A total of 910 mothers attending the Percy Boland Maternity Institute in Santa Cruz were investigated.
Of these mothers, 9.5% transmitted Chagas' disease to their children.
It was observed that the frequency of congenital transmission in the city was influenced by certain socio-cultural factors relating to the mother, such as increased fertility, early age of motherhood and blood transfusions, and also by the movement of migrants from other endemic regions of Bolivia and from rural areas in the same department.
It is postulated that the persistence of the disease in the urban setting is due to a second-generation transmission cycle.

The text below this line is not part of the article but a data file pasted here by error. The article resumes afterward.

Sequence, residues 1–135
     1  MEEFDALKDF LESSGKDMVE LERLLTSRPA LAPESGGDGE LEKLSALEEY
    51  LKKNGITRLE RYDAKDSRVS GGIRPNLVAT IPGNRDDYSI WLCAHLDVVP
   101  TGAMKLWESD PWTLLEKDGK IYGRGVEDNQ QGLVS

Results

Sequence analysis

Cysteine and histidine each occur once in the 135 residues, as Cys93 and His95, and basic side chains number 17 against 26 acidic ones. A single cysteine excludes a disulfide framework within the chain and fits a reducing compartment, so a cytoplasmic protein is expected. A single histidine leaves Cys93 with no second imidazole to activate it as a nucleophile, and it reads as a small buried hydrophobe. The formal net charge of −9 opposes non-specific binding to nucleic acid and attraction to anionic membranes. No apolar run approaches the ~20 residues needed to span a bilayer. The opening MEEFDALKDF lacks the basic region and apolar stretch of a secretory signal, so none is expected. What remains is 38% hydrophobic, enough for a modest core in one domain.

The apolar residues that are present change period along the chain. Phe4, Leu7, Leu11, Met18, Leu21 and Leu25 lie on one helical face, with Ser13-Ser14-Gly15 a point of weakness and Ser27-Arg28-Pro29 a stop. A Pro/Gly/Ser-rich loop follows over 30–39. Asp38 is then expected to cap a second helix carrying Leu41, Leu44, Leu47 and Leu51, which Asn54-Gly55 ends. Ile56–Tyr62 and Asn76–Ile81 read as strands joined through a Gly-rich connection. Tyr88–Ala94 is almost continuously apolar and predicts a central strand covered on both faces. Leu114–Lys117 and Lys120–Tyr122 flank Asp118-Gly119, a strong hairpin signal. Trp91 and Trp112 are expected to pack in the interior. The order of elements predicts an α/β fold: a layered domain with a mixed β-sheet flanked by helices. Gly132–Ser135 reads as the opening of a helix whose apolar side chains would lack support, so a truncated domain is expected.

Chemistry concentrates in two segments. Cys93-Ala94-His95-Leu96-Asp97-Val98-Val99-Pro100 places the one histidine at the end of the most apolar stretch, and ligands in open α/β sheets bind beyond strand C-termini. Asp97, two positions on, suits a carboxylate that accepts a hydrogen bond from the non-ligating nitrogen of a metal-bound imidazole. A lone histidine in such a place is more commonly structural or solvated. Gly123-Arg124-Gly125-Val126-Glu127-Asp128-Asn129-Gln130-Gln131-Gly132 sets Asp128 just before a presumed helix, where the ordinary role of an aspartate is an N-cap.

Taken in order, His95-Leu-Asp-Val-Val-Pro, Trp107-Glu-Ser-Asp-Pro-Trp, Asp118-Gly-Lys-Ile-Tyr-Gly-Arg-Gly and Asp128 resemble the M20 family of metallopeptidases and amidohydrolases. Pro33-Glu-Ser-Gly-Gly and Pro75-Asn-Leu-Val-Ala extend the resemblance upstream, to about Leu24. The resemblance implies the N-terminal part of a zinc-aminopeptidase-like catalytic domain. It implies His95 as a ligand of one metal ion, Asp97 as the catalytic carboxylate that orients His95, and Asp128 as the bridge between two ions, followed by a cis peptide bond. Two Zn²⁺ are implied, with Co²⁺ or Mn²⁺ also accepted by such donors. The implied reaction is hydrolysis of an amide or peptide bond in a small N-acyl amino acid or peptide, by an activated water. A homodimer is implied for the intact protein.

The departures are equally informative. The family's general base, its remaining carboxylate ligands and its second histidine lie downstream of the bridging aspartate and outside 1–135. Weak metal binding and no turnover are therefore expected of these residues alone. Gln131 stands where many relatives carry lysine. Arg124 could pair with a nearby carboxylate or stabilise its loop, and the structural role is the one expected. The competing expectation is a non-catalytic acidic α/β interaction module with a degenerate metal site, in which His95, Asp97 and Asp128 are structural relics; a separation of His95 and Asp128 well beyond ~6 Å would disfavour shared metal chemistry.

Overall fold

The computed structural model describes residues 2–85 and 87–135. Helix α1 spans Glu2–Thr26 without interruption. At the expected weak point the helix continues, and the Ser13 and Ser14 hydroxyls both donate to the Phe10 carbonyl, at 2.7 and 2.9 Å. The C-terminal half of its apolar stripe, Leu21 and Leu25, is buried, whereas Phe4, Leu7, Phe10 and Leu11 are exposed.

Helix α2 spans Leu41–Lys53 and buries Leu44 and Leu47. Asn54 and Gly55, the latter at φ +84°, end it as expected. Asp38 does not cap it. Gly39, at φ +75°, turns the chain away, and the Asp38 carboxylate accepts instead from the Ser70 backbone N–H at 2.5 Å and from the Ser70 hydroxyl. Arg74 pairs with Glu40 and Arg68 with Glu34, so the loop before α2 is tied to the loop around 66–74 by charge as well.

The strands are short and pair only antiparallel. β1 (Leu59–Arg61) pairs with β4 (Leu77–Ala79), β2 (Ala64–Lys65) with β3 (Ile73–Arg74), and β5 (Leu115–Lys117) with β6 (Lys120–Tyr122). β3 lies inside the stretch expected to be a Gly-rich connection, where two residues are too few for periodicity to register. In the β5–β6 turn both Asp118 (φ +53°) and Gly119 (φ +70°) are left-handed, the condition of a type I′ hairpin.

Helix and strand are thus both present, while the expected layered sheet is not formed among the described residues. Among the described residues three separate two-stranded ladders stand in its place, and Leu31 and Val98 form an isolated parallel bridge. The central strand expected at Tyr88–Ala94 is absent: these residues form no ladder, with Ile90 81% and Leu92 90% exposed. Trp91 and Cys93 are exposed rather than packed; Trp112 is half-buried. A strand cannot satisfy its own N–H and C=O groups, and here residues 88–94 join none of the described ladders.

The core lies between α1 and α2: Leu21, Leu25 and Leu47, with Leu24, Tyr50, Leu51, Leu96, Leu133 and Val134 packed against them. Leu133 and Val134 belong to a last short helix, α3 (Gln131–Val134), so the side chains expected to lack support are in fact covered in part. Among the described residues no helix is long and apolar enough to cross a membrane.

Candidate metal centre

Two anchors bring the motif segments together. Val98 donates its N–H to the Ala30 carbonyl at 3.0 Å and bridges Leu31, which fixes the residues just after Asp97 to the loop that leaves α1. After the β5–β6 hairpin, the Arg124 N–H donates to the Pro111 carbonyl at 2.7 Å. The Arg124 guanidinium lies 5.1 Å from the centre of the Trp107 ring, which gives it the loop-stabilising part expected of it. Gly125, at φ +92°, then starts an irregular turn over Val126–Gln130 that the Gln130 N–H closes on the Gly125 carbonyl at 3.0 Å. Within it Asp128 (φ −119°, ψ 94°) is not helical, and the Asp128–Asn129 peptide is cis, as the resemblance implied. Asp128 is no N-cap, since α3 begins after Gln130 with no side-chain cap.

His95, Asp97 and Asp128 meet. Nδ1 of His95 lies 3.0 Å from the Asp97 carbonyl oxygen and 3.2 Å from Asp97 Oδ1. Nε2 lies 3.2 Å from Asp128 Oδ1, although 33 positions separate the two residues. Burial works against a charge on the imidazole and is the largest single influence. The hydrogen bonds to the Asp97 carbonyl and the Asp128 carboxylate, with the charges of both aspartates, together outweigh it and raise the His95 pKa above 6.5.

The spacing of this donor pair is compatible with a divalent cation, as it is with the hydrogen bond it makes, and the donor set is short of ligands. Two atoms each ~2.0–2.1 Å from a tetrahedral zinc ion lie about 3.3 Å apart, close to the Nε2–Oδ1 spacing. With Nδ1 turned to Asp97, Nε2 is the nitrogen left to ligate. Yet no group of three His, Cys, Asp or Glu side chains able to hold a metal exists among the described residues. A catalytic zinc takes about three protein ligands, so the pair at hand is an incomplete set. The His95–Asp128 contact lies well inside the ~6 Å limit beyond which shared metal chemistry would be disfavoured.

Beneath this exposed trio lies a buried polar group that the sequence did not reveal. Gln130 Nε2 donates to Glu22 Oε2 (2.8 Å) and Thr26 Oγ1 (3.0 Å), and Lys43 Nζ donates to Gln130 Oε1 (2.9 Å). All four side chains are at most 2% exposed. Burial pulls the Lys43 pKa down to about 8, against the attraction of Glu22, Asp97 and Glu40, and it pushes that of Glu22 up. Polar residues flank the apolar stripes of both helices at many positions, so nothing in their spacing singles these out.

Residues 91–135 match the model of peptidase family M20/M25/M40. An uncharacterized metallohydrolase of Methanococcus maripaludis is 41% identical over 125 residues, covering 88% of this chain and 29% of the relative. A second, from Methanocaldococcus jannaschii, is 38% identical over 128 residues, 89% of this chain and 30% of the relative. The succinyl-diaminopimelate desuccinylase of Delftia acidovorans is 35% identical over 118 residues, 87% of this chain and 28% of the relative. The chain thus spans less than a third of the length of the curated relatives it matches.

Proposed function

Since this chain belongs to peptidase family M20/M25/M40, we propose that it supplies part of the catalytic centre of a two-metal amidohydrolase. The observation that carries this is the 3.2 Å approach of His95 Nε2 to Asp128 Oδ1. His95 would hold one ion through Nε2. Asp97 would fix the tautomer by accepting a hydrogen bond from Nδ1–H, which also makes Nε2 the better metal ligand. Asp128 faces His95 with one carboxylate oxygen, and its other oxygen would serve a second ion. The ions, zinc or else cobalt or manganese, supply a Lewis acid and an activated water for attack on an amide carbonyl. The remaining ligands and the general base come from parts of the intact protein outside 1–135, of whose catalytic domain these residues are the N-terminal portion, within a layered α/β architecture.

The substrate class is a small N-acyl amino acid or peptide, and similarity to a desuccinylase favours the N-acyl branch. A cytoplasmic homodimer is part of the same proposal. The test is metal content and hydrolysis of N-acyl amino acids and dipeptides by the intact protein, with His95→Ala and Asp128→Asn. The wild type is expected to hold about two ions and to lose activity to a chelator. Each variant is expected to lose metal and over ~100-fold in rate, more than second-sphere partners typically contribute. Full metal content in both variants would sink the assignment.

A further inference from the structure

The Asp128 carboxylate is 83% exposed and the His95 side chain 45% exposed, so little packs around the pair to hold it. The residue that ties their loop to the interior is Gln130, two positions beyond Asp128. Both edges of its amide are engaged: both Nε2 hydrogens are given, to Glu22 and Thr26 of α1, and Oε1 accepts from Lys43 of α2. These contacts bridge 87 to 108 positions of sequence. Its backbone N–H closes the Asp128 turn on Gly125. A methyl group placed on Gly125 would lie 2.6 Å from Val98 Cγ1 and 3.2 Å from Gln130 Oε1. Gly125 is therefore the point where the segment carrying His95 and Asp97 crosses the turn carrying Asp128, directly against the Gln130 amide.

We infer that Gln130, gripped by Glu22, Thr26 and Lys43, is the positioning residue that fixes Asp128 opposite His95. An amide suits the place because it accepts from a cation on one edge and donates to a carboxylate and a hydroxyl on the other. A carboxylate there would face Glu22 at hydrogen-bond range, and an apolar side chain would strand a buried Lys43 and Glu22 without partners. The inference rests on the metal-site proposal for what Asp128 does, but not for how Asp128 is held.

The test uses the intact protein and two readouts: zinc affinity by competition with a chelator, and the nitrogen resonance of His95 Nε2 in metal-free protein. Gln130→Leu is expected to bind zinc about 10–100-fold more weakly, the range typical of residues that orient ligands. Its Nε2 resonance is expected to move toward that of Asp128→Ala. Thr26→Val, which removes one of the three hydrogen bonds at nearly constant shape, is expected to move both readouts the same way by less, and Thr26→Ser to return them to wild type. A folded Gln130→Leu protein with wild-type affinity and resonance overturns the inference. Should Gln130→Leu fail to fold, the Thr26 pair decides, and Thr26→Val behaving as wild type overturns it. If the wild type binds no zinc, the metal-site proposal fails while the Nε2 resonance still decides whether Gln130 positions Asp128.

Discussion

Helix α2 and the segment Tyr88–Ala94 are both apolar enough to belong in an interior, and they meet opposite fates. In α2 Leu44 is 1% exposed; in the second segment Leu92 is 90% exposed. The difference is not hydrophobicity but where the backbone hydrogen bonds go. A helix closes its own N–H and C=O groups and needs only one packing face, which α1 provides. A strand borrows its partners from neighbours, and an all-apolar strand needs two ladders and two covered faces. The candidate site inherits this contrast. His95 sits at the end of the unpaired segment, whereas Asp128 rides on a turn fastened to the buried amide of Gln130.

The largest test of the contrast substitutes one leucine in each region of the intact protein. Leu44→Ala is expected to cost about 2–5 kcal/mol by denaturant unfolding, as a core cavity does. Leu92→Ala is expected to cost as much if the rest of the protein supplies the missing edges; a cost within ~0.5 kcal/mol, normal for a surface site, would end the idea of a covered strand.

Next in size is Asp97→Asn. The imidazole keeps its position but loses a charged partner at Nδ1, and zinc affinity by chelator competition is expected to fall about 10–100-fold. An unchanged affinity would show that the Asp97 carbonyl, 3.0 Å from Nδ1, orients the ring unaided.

Mots-clés Pascal : Trypanosomiase américaine, Trypanosomiase, Protozoose, Infection, Bolivie, Amérique du Sud, Amérique, Milieu culturel, Congénital, Femme, Homme, Transmission, Epidémiologie, Statut socioéconomique
Mots-clés Pascal anglais : Chagas disease, Trypanosomiasis, Protozoal disease, Infection, Bolivia, South America, America, Cultural environment, Congenital, Woman, Human, Transmission, Epidemiology, Socioeconomic status
Notice produite par :
Inist-CNRS - Institut de l'Information Scientifique et Technique
Cote : 93-0555119
Code Inist : 002B05E02B6. Création : 199406.